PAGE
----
Historically, the human race has more or less structured their lives around eating moderate portions of wholesome foods plus the odd treat during the week, and blowing the lid off a bit on weekends (Sunday dinner) and holidays (eggnog). This system worked pretty well. It’s when we started to eat as if every day was a weekend, as if every day was a holiday, that we got ourselves into trouble.

Now a lot of people hand out stickers on Halloween instead of candy. This is a tragedy and a travesty, an adulterated—and I use that word deliberately—slam in the face of tradition. Part of the euphoria kids feel on Halloween is based on indulging in treats—treats that, during the year, they’re only allowed on occasion. Adults need to act like adults again. We need to re-establish moderation, to maintain balance in everyday eating. Lose the damn stickers. For one night a year, bring back the Milky Ways.

2) Food is pleasure. There is nothing quite like experience of eating the first slurpy peach of the season, or a warm fat heirloom tomato pulled off the vine. But neither is there anything quite like Aunt Rosemary’s lasagna fresh from the oven, or Mom’s sour cream coffee cake. These foods deserve honor, not our projected castigation and reproach. Too much of anything is no good, be it Pop-Tarts or fresh blueberries. Enjoy rich foods, every single mouthful. Eat them slowly. Appreciate them. Write about it and describe it passionately, if you’re as nutty as I am. Treat them like the treats they are. 

3) Food is connection. Food is not just for silencing hunger. Other hungers are fed as well: our need to express love and to feel loved, to protect and to feel safe, to share memories and to remember. I love cooking for people, and I love tasting other people’s gifts of food. Everybody gets so excited. It’s powerful. I love sharing what I’m eating and being offered bits of my friends’ food. Some people hate that, but not me. It’s a sign of intimacy. When you go out a lot to eat with actors, food gets passed around. I have one friend who never wants his pickle, so I take it. Recently I picked all of the peaches out of his fruit cocktail with my fingers. It’s not classy, but it’s home—even if you’re away from it.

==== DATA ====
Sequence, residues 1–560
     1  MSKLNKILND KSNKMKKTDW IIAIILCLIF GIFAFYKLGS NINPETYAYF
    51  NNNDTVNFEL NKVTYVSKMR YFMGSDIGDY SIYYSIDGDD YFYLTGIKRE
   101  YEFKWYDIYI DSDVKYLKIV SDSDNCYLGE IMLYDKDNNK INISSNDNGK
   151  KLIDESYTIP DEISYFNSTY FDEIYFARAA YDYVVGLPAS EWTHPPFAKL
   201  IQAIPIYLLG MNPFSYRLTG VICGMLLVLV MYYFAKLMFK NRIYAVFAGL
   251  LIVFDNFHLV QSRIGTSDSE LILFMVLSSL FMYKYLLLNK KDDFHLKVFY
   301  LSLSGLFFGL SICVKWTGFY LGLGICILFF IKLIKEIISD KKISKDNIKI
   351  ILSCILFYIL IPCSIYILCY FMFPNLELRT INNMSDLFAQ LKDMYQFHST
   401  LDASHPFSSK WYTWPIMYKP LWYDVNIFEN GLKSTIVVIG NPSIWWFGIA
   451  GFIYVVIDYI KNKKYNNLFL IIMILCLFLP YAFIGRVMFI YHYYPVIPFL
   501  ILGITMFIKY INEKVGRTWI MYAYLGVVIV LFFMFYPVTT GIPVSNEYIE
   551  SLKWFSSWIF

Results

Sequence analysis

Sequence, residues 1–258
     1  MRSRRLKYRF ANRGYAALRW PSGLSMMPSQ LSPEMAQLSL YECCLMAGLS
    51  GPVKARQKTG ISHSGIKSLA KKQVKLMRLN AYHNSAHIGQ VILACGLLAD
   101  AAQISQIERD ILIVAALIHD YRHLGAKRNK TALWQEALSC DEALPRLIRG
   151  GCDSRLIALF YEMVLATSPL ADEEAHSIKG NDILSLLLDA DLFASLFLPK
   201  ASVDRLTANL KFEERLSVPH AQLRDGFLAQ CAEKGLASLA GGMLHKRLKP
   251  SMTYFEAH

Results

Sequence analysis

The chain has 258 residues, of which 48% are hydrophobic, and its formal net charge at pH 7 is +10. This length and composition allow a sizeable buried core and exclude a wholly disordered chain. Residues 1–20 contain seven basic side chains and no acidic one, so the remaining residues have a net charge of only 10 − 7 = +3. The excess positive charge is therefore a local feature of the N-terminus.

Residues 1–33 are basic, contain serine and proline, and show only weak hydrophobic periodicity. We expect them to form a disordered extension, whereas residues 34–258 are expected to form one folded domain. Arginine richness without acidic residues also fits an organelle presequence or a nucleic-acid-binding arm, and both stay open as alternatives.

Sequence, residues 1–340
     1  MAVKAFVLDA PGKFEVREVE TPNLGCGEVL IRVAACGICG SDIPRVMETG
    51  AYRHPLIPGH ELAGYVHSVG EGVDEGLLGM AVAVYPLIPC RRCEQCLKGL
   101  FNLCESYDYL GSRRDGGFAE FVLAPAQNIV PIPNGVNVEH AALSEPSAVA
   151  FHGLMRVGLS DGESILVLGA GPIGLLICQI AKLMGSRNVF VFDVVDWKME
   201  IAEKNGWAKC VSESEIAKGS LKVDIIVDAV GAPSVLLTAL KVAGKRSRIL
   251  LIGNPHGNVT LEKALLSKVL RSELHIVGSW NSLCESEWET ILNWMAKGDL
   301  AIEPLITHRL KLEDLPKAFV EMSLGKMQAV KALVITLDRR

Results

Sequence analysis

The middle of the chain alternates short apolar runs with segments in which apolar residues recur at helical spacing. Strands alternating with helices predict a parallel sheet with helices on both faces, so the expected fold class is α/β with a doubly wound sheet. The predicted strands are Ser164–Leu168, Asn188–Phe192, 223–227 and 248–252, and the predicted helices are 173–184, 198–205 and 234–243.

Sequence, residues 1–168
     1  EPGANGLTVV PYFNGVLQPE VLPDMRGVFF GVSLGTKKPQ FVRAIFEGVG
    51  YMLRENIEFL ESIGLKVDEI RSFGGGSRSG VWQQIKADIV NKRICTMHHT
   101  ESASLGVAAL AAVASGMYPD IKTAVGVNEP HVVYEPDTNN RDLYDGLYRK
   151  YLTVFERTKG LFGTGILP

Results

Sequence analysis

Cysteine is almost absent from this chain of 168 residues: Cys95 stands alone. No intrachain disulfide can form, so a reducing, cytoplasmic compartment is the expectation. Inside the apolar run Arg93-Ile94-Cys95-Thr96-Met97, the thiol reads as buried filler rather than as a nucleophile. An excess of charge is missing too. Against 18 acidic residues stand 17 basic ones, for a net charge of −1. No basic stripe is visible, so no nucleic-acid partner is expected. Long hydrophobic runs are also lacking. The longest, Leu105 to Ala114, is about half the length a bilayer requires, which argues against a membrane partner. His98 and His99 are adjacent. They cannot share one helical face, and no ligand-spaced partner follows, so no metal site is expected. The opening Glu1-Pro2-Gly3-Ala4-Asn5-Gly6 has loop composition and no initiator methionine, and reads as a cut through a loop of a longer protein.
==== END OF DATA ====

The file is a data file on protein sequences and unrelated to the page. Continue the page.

Go easy on yourselves, everybody. Keep balance in your eating. Enjoy everything. We’re supposed to be happy on this planet.

And now, if you’ll excuse me, I’m going to get a peanut butter moose tracks cone. And I’ll live.

 

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Finley imagining the possibilities.

I know, the most famous great equalizers are death and taxes, but let’s not be gruesome. It’s still summer, after all. No, I’m talking ice cream.

Ice cream may be the one thing everyone can agree on. Amazing, really, how all demographics love it—babies, old-timers, thirty-somethings. Even those with strict dietary restrictions still eat it, whether they really ought to or not. One 4th of July I witnessed a group of heart transplant patients downing bowls of the highest-fat, homemade stuff, their mates watching, lips pursed, tut-tutting at them. But the spouses didn’t stop them. Maybe it was because they understood that, like it or not, ice cream is something everyone actually needs once in a while. Let’s face it—no eats ice cream because they’re hungry.

So why do we eat it? Why do we crave it, body and soul? I think a combination of factors are in play: it’s cooling (lovely in the summertime); it’s sweet (a rare find in nature); it’s full of fat (again, rare in nature) which makes it feel luxurious and indulgent (and who doesn’t like to feel special?).

Also—and maybe most importantly—since we’ve all eaten it for as long as we can remember, it evokes childhood memories. And they’re usually happy ones. My own include trips to Carvel with my family after dinner most summer nights. To this day, I think of ice cream as a nighttime thing.*